• Maintain Proper Distance: You’ll also want to mentally or physically note the distance at which your dog becomes overstimulated by these triggers because, again, you need to be at the distance your dog does NOT react so you can start reconditioning their brain. During your training sessions, ensure you are at the distance from your dog’s triggers where your dog remains calm. You might need to find appropriate spots, like parks or quiet streets, where there are fewer distractions.
  • Use High-Value Rewards: During training sessions, use amazing treats your dog just thinks are the cat’s meow. High-value treats like cooked turkey or dehydrated rabbit tend to work well for most dogs.
  • Choose the Right Equipment: Opt for a harness instead of a collar. A harness provides better control and is safer for your dog’s neck and spine. A flat leash is perfect, and ditch any extendable leashes you may have.
  • The Training: Teach your dog that encountering triggers results in rewards, not excitement or anxiety. I like setting up where cars or the trigger will pass us, but we are in our safe zone. Then, when a car passes, mark it with a YES, followed by an amazing reward. Then, skip along, moving away from the car, and reward your dog again. You can follow this with a few training behaviors your dog already knows well, like hand target or spin. Then, slowly walk back to your training area. Repeat this exercise.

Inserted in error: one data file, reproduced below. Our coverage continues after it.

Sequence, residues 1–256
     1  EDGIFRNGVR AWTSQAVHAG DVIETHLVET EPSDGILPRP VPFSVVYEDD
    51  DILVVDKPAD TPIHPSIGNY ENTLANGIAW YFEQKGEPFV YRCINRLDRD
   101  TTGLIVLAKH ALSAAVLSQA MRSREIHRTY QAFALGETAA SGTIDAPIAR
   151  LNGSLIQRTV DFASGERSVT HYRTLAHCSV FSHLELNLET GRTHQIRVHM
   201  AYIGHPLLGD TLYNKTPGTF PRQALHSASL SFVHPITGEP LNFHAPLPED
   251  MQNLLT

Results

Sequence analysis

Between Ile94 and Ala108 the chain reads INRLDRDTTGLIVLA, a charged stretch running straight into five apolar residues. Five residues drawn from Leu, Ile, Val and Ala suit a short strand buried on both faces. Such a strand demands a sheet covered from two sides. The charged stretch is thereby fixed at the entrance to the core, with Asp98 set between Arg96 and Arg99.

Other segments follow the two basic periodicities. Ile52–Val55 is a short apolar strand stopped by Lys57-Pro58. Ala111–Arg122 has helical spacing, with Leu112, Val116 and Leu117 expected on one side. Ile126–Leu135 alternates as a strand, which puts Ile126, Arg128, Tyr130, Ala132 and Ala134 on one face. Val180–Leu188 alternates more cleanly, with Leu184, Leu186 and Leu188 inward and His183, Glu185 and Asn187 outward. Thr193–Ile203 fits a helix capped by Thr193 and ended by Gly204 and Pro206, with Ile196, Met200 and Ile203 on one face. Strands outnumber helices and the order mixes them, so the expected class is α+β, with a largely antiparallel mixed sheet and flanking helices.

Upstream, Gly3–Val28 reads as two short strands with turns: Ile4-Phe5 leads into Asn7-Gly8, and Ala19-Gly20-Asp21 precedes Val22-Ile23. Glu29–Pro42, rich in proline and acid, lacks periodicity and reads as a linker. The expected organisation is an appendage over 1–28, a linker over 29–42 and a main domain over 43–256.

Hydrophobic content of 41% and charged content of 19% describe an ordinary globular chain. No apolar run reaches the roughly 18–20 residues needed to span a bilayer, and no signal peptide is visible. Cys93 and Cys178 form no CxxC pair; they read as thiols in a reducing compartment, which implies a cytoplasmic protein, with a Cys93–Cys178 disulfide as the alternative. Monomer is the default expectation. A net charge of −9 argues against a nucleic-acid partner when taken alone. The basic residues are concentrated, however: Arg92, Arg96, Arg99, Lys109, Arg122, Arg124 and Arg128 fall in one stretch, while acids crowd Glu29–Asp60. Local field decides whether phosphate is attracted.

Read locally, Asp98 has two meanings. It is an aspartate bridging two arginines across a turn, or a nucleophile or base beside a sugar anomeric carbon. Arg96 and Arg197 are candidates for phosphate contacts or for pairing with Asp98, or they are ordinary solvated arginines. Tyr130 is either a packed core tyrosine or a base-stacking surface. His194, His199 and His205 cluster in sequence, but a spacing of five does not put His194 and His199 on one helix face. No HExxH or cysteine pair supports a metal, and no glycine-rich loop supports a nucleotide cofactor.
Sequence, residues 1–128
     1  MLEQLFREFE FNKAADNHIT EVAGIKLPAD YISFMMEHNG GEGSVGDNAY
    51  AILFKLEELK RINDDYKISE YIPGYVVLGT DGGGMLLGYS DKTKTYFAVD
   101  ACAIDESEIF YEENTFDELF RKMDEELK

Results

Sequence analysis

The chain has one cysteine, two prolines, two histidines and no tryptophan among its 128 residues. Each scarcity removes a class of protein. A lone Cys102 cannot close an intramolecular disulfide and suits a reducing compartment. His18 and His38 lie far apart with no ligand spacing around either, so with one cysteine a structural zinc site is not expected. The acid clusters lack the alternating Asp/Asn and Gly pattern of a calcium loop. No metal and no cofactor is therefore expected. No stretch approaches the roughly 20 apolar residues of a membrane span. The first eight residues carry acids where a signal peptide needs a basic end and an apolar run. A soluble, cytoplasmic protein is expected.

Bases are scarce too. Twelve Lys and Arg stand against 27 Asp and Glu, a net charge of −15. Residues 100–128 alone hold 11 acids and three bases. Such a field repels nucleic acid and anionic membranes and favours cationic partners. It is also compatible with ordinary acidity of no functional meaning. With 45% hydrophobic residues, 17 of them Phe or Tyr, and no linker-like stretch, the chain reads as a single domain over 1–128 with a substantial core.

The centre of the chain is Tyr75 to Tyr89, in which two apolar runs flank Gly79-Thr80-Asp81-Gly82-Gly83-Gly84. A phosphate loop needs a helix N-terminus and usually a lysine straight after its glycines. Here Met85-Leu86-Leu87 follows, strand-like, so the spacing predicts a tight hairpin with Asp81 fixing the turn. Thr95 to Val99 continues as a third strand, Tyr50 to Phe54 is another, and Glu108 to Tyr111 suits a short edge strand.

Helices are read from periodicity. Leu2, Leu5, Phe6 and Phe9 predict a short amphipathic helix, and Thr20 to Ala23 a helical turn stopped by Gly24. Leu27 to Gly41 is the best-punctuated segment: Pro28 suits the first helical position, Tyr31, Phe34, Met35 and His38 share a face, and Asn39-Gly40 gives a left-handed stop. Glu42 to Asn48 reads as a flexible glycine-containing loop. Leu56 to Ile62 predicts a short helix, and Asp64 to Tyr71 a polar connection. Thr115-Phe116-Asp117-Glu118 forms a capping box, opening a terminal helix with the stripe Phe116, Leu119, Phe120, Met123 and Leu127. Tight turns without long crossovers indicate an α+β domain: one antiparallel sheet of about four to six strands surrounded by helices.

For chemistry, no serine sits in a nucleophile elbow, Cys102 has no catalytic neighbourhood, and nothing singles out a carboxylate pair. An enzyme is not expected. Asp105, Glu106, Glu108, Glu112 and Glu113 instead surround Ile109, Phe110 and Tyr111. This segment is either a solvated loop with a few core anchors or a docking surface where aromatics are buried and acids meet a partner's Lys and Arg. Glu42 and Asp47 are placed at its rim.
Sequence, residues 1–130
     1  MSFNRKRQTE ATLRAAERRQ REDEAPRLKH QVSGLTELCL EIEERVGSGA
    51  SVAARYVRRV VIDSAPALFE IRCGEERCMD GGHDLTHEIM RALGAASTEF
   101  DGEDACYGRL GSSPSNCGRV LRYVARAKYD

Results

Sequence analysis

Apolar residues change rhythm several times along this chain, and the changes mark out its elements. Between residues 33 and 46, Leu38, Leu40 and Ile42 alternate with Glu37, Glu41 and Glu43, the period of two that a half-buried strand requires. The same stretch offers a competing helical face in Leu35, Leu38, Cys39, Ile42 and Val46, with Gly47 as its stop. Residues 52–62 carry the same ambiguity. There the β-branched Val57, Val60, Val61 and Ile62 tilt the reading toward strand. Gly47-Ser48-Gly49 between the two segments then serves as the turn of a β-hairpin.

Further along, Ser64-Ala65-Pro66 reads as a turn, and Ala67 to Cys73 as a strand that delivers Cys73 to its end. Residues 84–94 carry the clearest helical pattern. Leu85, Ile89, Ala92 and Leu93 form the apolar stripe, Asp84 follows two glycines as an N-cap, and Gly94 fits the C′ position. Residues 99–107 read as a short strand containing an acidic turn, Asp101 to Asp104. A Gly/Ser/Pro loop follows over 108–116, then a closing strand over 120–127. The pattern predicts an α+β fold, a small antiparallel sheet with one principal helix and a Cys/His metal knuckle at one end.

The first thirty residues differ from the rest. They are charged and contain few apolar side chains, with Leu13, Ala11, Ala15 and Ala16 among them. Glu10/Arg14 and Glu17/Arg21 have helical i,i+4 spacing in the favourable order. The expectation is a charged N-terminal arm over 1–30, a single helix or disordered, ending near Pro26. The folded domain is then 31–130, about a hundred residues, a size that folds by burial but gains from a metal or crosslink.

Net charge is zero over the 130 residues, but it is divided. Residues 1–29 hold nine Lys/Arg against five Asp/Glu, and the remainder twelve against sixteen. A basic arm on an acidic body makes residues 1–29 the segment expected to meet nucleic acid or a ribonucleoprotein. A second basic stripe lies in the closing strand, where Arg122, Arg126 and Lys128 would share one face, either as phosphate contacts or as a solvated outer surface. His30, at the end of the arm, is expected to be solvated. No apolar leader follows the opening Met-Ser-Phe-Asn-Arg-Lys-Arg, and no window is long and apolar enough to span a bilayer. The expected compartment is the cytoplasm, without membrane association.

• Let Your Dog Be a Dog: Allow your dog to sniff around and explore during training sessions while remaining attentive to passing triggers. It’s important to have your training sessions be fun and engaging; you don’t want them to just feel like setups.
  • Avoid Scolding: If your dog reacts negatively to a trigger, avoid scolding them. Instead, calmly move away until they can breathe and focus again, then reward them for their improved behavior. Consistency is key; every encounter with a trigger should result in a positive reward. Even if you aren’t in “training” mode, they are always learning, so you want to ensure they are learning what you want.
  • Patience is Key: Rushing through training won’t lead to long-term success. Like mastering any skill, it takes time, consistency, and practice. Take your time, and be patient with your dog.
  • Training at Home: Training can also occur at home, especially if your dog barks at passing cars from the window. Follow the same steps as above, but from your window or front yard. If your dog reacts to noises, such as air brakes, YouTube audio can be helpful.

With practice and a big dose of patience, you’ll see improvements in your dog’s behavior, making walks more peaceful and enjoyable.

Your questions or comments are welcome below.

Are you looking for even more ways to stay up to date with Raising Your Pets Naturally? Sign up for the newsletter for more tips and promotions. Don’t forget to be social and Like, Follow and Subscribe.

Facebook   Twitter   Pinterest   Instagram  YouTube

Cavalier King Charles Spaniel Facebook Group
Cavaliers, join us on Facebook!

Be Pawsitive Shirts
Check out my shop!

Natural pet care and training community.
Join us today!




Google Adsense—>

How to Train Your Dog Not to Bark at Cars: A Comprehensive Guide (Early access for our Patreon community)